How B.T. Engledow’s Passion for Plants Helped Create Eagle Creek Park

There are so many beautiful places in and around Indianapolis to enjoy the great outdoors. We have dozens of parks, jogging paths, lakes, bike trails, and outside venues—so many that it might take years to visit them all. But perhaps Indy’s greatest outdoor attraction—and certainly the largest—is Eagle Creek Park.

B.T. Engledow

Located just outside I-465 on the northwest side of the city, Eagle Creek is the crown jewel of all the Indy parks. With more than 5,000 sprawling acres of forested land and lakes, its magnificent beauty is something any nature lover should see. But the park might look a lot different today—or might not be here at all—if it weren’t for our founder: B.T. Engledow.

 

In the Beginning

The story of Eagle Creek Park starts in 1934 when J.K. Lilly Jr. bought 12 acres of land on the northwest side of Indianapolis. Originally, he called the land Eagle Crest and built several structures that remain today, including a cabin and a library that now serves as the park’s Ornithology Center. Over the next few years, J.K. would go on to acquire several adjacent farms in the area, and soon he had purchased more than 3,000 acres of land.

It was around this time that J.K. met a young entrepreneur named B.T. Engledow, who had recently started his own landscaping business after buying some tools and a $50 truck. While the happenstance of J.K. and B.T.’s first meeting is lost to time, there’s no doubt the young, upstart landscaper made a big impression on one of Indianapolis’s most influential people.

 

The Right Guy for the Job

Given B.T.’s ambition, honesty, and hard-working nature, his growing business relationship with J.K. Lilly wouldn’t have been much of a surprise to anyone who knew him well.

Eagle Crest Sign

“B.T. was a high school dropout with zero business education, but his many positive attributes helped him attract plenty of clients,” said Jack Engledow, B.T.’s oldest son and former president of Engledow. “There was a true entrepreneurial spirit about him, and he was willing to try almost anything new. He had no noticeable fear of risk.”

Before long, B.T. was carrying out J.K.’s vision for Eagle Crest: transforming it from tilled farmland into a natural forest preserve. Given the thousands of acres that would need to be covered with plant life—and the two man-made lakes that were to be constructed—this was no small job. In fact, the transformation would take many years.

“As he worked on the project, my dad would take us out to Eagle Crest to see what was going on,” said Jack. “From the late 1930s up until the start of World War II, B.T. and his crew planted thousands of native Indiana forest trees on the land, including the beautiful walnut groves you see today. On top of that, they did lots of landscaping—much of what B.T. did is still around.”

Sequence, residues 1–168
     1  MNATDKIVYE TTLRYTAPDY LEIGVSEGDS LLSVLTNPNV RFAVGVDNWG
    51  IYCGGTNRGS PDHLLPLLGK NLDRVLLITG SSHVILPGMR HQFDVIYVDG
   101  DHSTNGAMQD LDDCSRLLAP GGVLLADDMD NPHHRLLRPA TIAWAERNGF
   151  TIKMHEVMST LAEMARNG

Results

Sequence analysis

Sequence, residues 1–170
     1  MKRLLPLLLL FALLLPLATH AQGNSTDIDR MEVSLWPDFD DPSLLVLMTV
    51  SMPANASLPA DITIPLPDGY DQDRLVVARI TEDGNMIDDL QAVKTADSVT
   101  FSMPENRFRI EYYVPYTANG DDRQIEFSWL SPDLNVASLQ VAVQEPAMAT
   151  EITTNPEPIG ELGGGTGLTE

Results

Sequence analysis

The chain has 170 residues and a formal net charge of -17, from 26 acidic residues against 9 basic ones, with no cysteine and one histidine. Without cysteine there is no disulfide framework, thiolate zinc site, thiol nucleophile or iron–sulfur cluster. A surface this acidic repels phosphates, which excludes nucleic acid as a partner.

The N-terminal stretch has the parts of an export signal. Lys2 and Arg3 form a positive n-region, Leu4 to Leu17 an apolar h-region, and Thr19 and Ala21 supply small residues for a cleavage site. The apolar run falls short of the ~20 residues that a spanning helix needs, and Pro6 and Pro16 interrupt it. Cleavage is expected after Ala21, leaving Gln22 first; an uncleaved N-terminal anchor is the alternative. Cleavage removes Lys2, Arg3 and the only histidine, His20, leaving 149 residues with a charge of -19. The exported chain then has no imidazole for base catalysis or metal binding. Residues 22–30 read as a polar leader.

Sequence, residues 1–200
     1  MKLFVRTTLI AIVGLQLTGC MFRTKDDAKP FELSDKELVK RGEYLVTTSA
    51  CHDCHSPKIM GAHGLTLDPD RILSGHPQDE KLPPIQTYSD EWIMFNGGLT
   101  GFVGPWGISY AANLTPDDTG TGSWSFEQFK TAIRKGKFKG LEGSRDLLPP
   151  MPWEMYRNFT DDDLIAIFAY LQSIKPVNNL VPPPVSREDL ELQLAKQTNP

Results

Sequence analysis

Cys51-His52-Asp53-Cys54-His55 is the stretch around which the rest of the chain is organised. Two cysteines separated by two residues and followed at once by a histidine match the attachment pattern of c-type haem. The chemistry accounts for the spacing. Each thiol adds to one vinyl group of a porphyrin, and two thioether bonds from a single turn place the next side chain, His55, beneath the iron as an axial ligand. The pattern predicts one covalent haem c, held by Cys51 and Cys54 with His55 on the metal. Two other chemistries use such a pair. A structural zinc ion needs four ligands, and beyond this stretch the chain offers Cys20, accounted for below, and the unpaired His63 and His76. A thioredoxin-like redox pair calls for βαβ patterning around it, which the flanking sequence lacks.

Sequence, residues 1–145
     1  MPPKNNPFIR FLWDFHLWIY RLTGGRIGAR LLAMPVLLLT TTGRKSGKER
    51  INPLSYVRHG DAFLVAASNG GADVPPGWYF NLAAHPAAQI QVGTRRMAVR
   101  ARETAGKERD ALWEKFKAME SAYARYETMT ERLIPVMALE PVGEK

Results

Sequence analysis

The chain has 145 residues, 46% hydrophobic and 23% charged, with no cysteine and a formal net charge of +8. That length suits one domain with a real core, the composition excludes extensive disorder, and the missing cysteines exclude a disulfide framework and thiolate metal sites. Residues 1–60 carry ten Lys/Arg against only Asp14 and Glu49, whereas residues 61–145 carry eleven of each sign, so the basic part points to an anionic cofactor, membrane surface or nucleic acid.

J.K. Lilly loved Eagle Crest so much that he had his own retreat house right there on the property. It was a place to relax, reflect, and enjoy the beautiful forest preserve he’d worked so hard to create.

“The retreat Mr. Lilly had at Eagle Crest was a wonderful place,” said Jack. “It was home to some world-class collections of stamps, coins, and miniature soldiers that were arranged to depict famous battlefields throughout history. He also had a large library that became the basis for the Lilly Library in Bloomington. It was quite special to him.”

 

Carrying on Tradition

Eagle Crest Lake Plan

In 1950, B.T. would pass away, ending a long battle with tuberculosis at the young age of 42. But the family business would continue to plant trees and perform landscaping duties at Eagle Crest until 1958, when the land was donated to Purdue University.

Purdue would continue to hold the property until it was acquired by the City of Indianapolis during the 1960s. The City wanted the land not only for its use as a municipal park, but also so they could dam the Eagle Creek reservoir to prevent flooding. By 1970, the City had acquired most of the land that currently constitutes the park, and they had opened the reservoir for public use. In 1972, Mayor Dick Lugar officially opened the nature reserve with its new name: Eagle Creek Park.

Today, thanks to active conservation efforts by the City, Eagle Creek is pretty similar to what it was when B.T. was working there back in the 1930s and 1940s. Sure, the trees might be a little bigger. And there might be a few more joggers and bicyclists. But that awe-inspiring feeling you get when you go there is exactly the same as it was nearly 80 years ago when B.T. was spending his days planting walnut seeds.

“We’ve been lucky to have family members who really have an interest in plants, and a passion for moving our business forward. We’ve had hundreds of good people over time—in fact, I think we have the best people,” said Jack. “It all started with B.T.”

If you want to know a little bit more about our history with Eagle Creek, check out this short video. And if you’re looking for help with your landscape—or just want to be regaled with more stories about the history of our company—we’d love to talk. Contact us today to learn more.

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